‘Being ruler is tough.”
So opined Emperor Yongzheng some time during the 12 years, ending in 1735, that he held absolute sway over China, a country that at that time already boasted a population of a few hundred million. How tough? Well, an emperor had to get up each day at 5 a.m., pay a visit to his mother, the Empress Dowager, and then spend the next six hours doing administrative chores and studying the wisdom of previous emperors, when, as in Yongzheng’s case, he’d rather be alone on some remote mountain.
Of course, the job had its consolations. Thousands of eunuchs at your beck and call. Your pick of several hundred concubines. A sort of ice-stoked air-conditioner in summer, hand warmers in winter. And, because you were dynastic top dog in the imperial family, Mr. Mojo of the Middle Kingdom, sumptuary codes let you be the only dude in the whole country permitted to wear anything yellow.
You can discover all this and the proverbial much else starting today at the Royal Ontario Museum in Toronto, which for the next six months will host The Forbidden City: Inside the Court of China’s Emperors in its basement Weston Exhibition Hall. What makes the show a must-visit is that it brings to Canada more than 200 artifacts from the Palace Museum in Beijing’s Forbidden City, an estimated 150 of which have never been seen in North America. Indeed, it wasn’t until 1925, one year after the last emperor went into exile, that the Chinese people themselves got to see many of the accumulated treasures. Of the objects in Toronto, 80 or so have never travelled beyond the walls of the Forbidden City, formerly the world’s largest royal residence, home to no fewer than 24 Ming and Qing Dynasty emperors from 1368 to the creation of the Republic of China in 1911-12.
Two years in the preparation, and smartly curated by a team led by Dr. Chen Shen, the museum’s Bishop White Chair of East Asian Archeology, the exhibition is going to rank as one of the highlights of the ROM’s 100th-anniversary celebrations this year. A media preview earlier in the week was as much about diplomatic glad-handing as cultural elevation, drawing a fuss of high-profile well-wishers. Among them: Ontario Premier Kathleen Wynne; the province’s culture minister, Michael Chan; recently minted Conservative Senator Victor Oh; and Zhang Junsai, China’s ambassador to Canada.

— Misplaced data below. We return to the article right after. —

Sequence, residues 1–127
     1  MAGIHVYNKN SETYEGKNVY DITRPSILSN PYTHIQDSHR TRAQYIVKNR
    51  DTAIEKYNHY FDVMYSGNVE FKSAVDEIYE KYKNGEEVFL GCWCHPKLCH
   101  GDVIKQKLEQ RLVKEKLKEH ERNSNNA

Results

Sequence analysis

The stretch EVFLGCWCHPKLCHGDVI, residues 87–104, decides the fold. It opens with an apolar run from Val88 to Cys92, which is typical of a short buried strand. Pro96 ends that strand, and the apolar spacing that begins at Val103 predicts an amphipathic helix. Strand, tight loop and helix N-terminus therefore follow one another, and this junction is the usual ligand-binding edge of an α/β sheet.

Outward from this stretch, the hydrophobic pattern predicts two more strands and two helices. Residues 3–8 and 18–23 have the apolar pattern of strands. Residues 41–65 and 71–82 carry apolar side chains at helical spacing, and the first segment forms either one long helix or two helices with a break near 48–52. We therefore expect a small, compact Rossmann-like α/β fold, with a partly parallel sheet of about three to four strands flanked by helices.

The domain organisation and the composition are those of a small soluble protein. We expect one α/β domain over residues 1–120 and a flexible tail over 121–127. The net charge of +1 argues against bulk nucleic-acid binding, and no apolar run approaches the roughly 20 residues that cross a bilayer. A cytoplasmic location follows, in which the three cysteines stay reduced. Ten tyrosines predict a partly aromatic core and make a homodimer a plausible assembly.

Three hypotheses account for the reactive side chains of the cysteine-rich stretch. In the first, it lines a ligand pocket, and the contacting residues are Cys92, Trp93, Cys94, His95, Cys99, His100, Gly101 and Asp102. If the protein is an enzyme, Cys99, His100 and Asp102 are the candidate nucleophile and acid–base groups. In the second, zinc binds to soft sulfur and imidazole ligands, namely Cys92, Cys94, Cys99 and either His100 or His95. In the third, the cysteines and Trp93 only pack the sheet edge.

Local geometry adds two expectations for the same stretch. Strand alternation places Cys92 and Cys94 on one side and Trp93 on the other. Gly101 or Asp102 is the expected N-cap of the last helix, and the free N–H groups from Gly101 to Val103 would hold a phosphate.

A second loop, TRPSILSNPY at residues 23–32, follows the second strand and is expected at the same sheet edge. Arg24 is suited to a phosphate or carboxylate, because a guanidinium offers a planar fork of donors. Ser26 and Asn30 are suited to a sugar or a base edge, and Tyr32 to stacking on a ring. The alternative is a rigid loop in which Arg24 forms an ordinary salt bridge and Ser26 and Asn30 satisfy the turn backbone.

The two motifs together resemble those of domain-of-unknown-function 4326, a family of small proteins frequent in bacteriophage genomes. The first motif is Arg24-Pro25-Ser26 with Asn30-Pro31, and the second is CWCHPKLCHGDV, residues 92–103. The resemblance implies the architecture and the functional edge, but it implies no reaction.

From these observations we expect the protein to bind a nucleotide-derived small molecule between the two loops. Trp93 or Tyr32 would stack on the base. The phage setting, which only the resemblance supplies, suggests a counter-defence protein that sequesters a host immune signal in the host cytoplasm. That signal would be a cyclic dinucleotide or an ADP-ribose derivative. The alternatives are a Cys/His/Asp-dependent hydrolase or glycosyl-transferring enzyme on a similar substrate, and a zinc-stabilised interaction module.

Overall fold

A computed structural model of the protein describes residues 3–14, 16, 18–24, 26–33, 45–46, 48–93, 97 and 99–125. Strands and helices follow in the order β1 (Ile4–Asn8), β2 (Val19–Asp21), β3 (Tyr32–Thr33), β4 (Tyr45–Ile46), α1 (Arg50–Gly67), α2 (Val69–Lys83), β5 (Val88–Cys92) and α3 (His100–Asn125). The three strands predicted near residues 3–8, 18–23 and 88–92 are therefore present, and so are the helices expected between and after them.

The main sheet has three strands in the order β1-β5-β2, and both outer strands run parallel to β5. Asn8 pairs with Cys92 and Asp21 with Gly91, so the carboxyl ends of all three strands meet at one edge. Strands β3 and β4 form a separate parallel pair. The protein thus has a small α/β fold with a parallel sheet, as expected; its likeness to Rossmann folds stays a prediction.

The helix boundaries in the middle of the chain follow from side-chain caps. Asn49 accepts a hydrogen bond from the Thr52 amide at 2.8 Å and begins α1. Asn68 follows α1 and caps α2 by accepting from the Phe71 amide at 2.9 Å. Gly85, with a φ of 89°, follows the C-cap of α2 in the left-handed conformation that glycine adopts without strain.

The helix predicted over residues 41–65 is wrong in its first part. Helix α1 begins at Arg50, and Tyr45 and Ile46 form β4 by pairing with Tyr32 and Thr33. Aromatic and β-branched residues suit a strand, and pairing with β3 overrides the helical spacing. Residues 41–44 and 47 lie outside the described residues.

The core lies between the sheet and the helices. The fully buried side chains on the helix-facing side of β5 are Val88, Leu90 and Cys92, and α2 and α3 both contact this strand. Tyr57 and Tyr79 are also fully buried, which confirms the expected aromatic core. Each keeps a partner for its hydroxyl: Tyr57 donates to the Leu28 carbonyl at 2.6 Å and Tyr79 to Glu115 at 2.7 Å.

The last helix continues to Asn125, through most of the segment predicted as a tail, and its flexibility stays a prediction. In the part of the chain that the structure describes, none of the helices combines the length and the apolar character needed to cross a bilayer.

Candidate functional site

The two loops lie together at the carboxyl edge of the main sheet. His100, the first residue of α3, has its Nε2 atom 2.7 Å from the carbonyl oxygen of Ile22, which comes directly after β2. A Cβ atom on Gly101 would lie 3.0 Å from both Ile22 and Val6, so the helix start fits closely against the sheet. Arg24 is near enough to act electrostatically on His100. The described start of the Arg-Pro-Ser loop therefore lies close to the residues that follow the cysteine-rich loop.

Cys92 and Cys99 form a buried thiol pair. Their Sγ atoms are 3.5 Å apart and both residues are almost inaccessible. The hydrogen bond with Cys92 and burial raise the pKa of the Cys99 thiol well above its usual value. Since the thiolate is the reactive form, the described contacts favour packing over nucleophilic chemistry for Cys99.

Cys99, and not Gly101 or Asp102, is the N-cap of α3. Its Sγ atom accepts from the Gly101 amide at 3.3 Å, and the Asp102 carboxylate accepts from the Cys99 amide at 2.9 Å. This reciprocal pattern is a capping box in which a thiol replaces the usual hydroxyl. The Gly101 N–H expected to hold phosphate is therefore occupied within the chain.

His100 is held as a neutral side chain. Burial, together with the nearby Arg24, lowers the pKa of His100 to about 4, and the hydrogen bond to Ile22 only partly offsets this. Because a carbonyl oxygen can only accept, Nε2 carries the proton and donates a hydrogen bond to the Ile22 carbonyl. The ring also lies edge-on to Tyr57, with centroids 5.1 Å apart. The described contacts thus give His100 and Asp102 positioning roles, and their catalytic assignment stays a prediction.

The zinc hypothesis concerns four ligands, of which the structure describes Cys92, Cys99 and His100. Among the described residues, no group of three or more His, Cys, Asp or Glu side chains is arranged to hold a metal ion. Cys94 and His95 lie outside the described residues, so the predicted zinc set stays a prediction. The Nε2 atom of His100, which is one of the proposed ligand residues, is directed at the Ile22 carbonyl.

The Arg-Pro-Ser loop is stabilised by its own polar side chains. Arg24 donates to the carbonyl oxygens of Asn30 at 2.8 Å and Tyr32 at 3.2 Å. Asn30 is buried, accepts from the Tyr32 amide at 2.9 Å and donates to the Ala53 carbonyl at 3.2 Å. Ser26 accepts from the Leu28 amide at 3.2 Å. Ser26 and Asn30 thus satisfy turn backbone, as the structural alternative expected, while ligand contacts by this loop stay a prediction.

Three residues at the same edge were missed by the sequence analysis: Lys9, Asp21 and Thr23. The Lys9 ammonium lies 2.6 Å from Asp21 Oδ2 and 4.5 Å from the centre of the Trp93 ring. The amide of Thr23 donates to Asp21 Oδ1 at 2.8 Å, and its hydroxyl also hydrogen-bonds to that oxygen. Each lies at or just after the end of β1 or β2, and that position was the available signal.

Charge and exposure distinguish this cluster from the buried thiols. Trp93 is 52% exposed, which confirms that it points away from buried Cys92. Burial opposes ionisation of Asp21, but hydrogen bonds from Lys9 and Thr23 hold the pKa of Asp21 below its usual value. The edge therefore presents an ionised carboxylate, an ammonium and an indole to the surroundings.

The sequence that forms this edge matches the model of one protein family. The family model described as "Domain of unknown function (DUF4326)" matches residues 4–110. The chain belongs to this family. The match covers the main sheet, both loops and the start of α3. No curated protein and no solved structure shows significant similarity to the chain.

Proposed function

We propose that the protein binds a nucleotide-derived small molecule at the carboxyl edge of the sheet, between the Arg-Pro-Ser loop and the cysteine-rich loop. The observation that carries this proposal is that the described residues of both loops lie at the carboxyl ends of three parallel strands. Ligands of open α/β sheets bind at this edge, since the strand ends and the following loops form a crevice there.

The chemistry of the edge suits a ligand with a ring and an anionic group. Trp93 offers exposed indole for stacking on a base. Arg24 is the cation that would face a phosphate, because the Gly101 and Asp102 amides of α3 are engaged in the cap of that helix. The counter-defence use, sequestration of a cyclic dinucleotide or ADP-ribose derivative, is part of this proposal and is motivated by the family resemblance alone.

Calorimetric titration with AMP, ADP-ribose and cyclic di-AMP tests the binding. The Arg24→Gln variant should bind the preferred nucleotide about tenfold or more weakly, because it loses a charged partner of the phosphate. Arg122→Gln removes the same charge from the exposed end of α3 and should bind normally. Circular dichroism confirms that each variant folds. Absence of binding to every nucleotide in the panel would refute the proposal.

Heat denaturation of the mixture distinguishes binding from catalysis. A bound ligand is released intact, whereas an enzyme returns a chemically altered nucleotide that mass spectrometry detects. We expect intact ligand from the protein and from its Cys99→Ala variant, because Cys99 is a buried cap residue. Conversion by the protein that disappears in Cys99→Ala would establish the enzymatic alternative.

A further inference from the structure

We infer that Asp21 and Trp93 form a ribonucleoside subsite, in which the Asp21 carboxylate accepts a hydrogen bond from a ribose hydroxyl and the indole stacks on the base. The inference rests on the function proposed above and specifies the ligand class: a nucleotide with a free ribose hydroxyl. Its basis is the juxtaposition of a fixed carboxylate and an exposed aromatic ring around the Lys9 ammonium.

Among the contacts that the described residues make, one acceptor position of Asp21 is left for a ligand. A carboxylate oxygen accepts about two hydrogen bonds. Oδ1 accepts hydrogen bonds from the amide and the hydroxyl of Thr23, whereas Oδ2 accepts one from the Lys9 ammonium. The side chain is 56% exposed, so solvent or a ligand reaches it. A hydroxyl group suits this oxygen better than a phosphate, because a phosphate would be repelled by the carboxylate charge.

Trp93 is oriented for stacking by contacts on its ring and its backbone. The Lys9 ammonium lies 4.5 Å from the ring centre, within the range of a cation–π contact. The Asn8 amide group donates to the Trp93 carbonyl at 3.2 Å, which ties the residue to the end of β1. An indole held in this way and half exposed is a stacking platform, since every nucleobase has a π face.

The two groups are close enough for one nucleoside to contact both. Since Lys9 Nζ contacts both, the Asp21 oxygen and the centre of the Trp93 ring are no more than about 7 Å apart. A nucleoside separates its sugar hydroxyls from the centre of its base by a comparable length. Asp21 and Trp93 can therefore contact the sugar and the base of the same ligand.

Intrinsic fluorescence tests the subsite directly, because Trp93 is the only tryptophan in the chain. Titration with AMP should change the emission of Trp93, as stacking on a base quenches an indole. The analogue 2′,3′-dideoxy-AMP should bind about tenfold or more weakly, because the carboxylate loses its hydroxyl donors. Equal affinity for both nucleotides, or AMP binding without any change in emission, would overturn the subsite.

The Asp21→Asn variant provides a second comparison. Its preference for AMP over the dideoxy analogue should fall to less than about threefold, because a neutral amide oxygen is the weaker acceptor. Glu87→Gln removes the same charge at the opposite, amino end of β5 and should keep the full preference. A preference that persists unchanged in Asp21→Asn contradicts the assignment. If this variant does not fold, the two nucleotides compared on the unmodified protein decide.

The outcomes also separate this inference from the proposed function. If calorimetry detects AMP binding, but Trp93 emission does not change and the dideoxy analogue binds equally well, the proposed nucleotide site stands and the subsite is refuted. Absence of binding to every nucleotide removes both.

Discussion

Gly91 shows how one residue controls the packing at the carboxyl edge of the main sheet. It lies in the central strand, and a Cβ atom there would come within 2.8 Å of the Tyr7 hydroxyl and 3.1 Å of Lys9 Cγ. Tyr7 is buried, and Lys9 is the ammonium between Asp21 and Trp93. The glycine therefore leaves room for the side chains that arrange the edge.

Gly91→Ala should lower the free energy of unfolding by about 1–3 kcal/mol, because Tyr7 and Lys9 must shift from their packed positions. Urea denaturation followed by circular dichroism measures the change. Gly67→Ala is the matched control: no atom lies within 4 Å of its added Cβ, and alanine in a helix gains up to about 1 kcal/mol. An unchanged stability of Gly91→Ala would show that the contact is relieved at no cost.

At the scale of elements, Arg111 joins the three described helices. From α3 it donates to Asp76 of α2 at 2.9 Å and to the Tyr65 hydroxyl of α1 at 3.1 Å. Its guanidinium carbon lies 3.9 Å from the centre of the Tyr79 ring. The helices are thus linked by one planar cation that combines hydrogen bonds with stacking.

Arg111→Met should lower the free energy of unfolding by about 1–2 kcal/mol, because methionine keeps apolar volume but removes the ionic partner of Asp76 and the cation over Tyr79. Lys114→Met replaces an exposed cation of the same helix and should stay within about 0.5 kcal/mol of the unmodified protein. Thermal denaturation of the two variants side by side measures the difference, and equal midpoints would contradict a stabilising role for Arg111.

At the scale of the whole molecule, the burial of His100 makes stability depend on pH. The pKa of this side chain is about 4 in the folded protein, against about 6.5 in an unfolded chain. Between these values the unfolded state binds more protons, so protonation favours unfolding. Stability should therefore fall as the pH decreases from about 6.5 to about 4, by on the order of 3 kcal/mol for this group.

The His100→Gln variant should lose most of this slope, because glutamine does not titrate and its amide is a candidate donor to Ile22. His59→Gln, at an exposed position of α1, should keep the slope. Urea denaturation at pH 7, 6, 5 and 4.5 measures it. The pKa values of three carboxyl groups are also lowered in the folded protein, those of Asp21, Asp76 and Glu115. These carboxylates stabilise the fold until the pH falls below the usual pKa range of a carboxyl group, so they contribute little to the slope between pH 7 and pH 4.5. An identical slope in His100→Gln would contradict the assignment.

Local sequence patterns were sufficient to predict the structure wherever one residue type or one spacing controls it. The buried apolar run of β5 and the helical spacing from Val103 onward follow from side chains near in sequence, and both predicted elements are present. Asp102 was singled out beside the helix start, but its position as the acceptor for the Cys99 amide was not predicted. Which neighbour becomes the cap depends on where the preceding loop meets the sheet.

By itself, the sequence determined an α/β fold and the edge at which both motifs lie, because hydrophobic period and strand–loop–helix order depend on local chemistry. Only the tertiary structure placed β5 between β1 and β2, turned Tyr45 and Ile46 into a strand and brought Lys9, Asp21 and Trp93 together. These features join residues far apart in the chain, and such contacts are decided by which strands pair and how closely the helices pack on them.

Walter Benjamin’s famous observation about there being “no document of civilization which is not at the same time a document of barbarism” certainly applies to this show: It does not stint on letting the visitor know that the privileges and extravagances of the emperors and their families were the result of a suppressive, exclusionary, peasant-bilking autocracy.
But in removing the artifacts from the complicated context that would be provided at their home in Beijing, any feelings of high political or moral dudgeon are pretty much disarmed. In this milieu, a vitrine with a birch longbow and four feathered arrows becomes less a meditation on death, death-dealing weaponry and institutional power than a celebration of exquisite form. You’re ravished, in other words, much as the Small Faces were almost a half-century ago by their visit to Itchycoo Park: “It’s all too beautiful!”